University history class enrollments are down nationwide and fewer students are majoring in history. Now is the time for a book to come along to save history departments, or at least to provide good arguments for students to major in history so that history departments can flourish again. This book, directed at undergraduate students who might major in history, aims to be such a book. It surveys the value of a history major in the United States and in the United Kingdom, and comes to a conclusion that in both countries, it is practical, worthwhile, and socially beneficial for students to major in history.
There are many traditional arguments for studying history, and the authors, the established American historian Peter Stearns and his junior British co-author Marcus Collins spend much of the first two chapters presenting them. They explain that those who study history gain the ability to handle evidence, understand causation, wrestle with competing interpretations, write well, and detect bad arguments, among other things. The authors do well to present this general defense of history education as strengthening the mind and character of a person. They are on shakier ground, however, when they attempt to make the case that majoring in history today is a wise career decision.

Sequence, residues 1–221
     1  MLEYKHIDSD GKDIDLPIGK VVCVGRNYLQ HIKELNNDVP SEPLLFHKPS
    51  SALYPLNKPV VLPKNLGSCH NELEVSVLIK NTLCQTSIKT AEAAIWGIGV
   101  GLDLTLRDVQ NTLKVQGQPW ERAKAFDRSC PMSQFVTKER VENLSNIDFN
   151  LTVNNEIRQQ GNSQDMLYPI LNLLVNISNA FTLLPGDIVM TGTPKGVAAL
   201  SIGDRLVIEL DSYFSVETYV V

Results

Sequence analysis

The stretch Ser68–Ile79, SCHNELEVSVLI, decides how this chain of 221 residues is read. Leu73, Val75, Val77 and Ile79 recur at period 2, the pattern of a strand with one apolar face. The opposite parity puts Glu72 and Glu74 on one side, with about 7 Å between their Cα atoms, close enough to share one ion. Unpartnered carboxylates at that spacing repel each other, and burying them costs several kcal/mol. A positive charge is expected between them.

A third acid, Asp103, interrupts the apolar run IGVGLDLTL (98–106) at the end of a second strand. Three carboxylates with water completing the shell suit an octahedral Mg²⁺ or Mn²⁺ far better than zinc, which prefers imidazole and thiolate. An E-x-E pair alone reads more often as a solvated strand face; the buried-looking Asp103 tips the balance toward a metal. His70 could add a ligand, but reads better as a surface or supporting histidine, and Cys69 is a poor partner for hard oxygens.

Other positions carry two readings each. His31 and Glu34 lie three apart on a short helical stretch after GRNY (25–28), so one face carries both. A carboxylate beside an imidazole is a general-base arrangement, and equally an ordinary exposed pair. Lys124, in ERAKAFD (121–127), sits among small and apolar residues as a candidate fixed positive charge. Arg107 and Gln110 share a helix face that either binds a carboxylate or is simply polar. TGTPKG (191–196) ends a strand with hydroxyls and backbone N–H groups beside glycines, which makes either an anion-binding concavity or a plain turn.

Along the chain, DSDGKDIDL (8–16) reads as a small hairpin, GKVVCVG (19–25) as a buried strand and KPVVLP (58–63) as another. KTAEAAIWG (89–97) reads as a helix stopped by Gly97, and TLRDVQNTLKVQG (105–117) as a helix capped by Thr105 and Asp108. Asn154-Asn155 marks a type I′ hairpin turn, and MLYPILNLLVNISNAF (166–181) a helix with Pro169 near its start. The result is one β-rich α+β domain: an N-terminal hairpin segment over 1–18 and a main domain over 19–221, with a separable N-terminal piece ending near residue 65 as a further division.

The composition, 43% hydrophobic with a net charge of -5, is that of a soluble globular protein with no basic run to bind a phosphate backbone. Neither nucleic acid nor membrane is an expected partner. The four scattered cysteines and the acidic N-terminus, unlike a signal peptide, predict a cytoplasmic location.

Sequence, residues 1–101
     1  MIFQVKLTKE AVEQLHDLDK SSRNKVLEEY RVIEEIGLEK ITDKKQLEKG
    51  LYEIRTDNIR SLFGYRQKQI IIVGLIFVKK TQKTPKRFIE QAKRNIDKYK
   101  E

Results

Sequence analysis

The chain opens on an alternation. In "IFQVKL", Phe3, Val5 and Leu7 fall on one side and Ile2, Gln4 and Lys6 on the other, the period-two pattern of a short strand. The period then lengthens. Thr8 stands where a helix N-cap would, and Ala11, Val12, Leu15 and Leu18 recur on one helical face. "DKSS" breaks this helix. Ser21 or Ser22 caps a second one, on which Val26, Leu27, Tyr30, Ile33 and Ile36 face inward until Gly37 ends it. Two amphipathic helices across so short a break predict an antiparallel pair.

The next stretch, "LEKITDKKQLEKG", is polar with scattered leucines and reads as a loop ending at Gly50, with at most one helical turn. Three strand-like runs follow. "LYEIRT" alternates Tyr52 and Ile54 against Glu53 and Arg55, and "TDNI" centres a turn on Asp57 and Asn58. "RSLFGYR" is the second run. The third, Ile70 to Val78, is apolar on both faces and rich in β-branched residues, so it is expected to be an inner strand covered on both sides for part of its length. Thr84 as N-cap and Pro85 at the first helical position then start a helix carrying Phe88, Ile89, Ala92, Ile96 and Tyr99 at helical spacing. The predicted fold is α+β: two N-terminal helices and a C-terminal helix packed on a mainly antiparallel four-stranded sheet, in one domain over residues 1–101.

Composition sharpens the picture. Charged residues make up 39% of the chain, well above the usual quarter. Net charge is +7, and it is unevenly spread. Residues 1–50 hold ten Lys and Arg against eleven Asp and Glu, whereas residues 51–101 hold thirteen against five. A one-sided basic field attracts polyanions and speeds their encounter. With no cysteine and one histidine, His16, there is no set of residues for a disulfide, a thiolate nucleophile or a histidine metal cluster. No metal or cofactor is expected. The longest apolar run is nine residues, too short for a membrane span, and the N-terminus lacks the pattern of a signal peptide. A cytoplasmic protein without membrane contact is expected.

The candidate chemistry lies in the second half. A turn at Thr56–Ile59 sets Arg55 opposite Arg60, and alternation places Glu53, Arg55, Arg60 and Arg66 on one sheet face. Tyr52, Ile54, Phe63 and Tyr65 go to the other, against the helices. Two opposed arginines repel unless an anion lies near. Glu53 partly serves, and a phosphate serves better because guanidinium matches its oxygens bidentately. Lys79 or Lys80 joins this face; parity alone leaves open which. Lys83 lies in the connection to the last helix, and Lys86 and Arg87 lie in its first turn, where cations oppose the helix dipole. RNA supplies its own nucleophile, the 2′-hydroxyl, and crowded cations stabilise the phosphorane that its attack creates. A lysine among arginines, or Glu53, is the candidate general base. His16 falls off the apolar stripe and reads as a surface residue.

Chapter three is the most relevant section of the book. Here the authors argue that employment concerns for history majors are “unfounded or exaggerated” (44). But the empirical evidence they cite for the American academic environment (a study by Schmidt, Sturtevant, and Townsend), doesn’t lend much support for this view. In fact, Stearns and Collins admit that the unemployment rate for history majors is slightly higher than it is for college degree-holders in general. Not only are history majors slightly more likely to be unemployed after graduation, they also earn less on average. The authors downplay these unemployment figures by arguing that “this means (all things equal) there’s a 1 in 200 chance that choosing a history degree instead of an unspecified average degree will lead to a spell of joblessness.” (44). With all due to respect, that not what the unemployment difference between history majors and other degree holders means. This is not merely an error of ignoring that “past performance does not guarantee future results” but it improperly applies statistical averages of a group to a hypothetical individual. A hypothetical history student, let’s call him Steve, does not have a 1 in 200 chance that choosing a history degree instead of any other degree will lead to a higher risk of unemployment. The risk of studying history might be smaller or larger, depending on Steve’s intelligence, his work ethic, and the competition in his cohort, let alone larger exogenous market factors. The authors don’t stop to ask if the students who are selecting to study history are on average more intelligent, more hard-working, or more financially well-off than students who choose other majors. If smart people study history at higher rates than they study psychology, for example, then the post-graduate successes of history and psychology majors should not be ascribed entirely to their choice of majors. If salaries of history graduates are high, is this because they studied history or despite it?